Following an example set earlier by Frederiksen, Solberg also took the unusual step of directly addressing the country’s children, telling them in two press conferences – from which adult journalists were banned – that it was “permitted to be a little bit scared” and that she, too, missed being able to hug her friends.

Meanwhile, Iceland, under the prime minister, Katrín Jakobsdóttir’s, leadership, has offered free testing to all citizens, not only those with symptoms, and has recorded 1,800 cases and 10 deaths. Some 12% of the population has taken up the offer, and an exhaustive tracing system has meant the country has not had to close schools.

Finland’s prime minister, Sanna Marin – who last year became the world’s youngest head of government – also moved decisively to impose a strict lockdown, including a ban on all non-essential travel in and out of the Helsinki region. This has helped her country contain the spread of the virus to just 4,000 cases and 140 deaths, a per-million toll 10 times lower than that of neighbouring Sweden.

Not all the women who have excelled in the corona crisis are national leaders. Jeong Eun-kyeong, the unflappable head of South Korea’s centre for disease control, has become a national icon after overseeing a “test, trace, contain” strategy that has made the country the world’s coronavirus role-model, with daily infections in single digits and a death toll of less than 250.

Jeong, a former rural doctor dubbed “the world’s best virus hunter”, has delivered no-nonsense daily press conferences, including demonstrating the ideal way to cough. While these have won praise, her work ethic – she has left an emergency operations bunker only for quick visits to a food truck – has prompted concern for her health.


Coronavirus is showing yet again why the world needs more strong female decision-makers
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The female leader of South Korea had been overthrown and thrown into jail a few years ago. Information needs update.

And then we have Carrie Lam, the strongwoman of Hong Kong, who deliberately wants to kill us just because Xi Jiping and the top Commies want their privileged to have somewhere to get treatment.

Being strong is not everything.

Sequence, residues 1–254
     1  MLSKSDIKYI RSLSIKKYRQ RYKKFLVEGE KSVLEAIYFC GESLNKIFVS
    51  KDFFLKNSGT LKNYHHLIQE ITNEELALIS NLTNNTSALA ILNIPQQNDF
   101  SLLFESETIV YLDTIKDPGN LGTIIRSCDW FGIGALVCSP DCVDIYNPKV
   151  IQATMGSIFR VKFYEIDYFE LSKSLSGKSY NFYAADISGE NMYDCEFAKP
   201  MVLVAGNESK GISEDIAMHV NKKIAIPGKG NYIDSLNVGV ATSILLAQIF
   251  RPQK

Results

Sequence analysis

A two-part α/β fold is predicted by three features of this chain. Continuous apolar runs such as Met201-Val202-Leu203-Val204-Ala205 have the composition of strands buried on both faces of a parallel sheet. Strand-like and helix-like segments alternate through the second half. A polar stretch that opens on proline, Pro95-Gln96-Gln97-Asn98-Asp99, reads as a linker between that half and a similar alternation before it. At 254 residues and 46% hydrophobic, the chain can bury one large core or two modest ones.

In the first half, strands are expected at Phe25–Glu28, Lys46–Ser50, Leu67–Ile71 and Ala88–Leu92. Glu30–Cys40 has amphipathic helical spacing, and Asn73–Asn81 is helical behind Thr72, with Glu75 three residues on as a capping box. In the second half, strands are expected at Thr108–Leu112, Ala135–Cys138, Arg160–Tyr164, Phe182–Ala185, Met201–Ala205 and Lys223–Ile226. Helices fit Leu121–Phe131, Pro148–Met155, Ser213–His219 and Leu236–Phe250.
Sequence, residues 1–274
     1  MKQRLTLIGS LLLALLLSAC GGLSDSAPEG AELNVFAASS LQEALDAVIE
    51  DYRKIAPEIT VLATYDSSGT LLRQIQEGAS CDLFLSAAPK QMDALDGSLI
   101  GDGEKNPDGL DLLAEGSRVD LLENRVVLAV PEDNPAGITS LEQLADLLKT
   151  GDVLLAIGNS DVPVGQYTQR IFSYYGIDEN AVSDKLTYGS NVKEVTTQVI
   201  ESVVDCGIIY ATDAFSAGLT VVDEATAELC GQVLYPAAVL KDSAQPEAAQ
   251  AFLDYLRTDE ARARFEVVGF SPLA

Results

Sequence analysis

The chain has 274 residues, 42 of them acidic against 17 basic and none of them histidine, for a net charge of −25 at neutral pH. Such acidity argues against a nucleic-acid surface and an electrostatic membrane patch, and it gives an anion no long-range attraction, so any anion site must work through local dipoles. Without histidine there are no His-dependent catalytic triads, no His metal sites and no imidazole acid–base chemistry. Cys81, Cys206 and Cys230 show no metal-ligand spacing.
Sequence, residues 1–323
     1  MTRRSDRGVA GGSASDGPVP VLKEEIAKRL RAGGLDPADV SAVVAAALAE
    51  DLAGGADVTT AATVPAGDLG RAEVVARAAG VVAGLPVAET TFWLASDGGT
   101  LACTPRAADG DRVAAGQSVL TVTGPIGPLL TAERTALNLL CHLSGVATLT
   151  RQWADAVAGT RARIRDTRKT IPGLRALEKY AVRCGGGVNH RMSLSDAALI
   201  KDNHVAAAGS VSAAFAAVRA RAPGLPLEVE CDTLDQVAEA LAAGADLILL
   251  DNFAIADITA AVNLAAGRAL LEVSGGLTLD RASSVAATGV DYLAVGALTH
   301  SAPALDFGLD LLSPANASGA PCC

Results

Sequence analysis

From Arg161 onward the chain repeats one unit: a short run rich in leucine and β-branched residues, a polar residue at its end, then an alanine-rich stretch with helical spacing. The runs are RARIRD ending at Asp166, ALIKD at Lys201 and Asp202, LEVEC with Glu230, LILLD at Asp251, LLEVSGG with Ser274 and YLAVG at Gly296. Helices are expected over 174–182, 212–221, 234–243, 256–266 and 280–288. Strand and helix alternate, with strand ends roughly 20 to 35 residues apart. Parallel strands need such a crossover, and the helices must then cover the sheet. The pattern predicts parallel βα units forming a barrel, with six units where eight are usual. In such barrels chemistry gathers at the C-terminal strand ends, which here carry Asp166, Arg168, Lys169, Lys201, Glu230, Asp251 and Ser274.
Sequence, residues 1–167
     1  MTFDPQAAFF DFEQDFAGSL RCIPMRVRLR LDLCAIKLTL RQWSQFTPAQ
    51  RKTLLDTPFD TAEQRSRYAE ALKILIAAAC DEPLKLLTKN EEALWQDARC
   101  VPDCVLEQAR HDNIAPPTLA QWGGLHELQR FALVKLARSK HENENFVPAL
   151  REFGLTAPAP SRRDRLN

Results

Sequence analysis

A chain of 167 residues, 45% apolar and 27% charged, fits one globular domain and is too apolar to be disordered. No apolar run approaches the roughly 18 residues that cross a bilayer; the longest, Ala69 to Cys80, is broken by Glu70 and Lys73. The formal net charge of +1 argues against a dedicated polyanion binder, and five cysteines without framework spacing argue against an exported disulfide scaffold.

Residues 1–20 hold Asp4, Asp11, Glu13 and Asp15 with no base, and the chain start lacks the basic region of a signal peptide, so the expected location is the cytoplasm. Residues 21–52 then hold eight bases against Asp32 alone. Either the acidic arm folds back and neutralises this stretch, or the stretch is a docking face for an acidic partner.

#15095470
Atlantis is illustrating the 'women are wonderful' effect, which is a rampant positive bias towards women in MSM outlets and ascribes all manner of positive traits to them, and of course automatically condemns men to be violent primitive brutes and blames them for all negative outcomes. Imagine if these news outlets would say the same thing about men when they outperform their female counterparts (which they did in this case) - we wouldn't hear the end of it.

Here are two classic feminists condemning the WAW-effect for what it is - bigotry towards men.



#15095475
I don't think their gender is relevant. Some countries are doing better with male leaders, and some with female leaders. Maybe female leaders are more likely to have the empathy that allows them to react better to a pandemic?

It's a theory, anyways. I doubt there's any real evidence to support this, aside from the anecdotal stuff.
#15095479
Godstud wrote:I don't think their gender is relevant. Some countries are doing better with male leaders, and some with female leaders. Maybe female leaders are more likely to have the empathy that allows them to react better to a pandemic?

It's a theory, anyways. I doubt there's any real evidence to support this, aside from the anecdotal stuff.


Angela Merkel is Germany's PM and she did a very good job with the pandemic. But she is a scientist through her education. She handled it with total dedication to scientific research. It was a completely scientific approach. I think also South Korea knew what needed to be done to contain it early on and also had an advantage of experience with SARS before. If you deal with it as a scientist would? You do well. You do it with politics and denial and Jesus is going to stop the virus? It is not going to work for your nation. Nothing wrong with being scientific and asking for prayer to help you at the same time.

I think using common sense, testing, tracing and quarantine and also telling people we will pay your bills and the small business people we will help you with zero percent loans and or subsidize you til you get back on your feet is the proper thing to do.
#15095481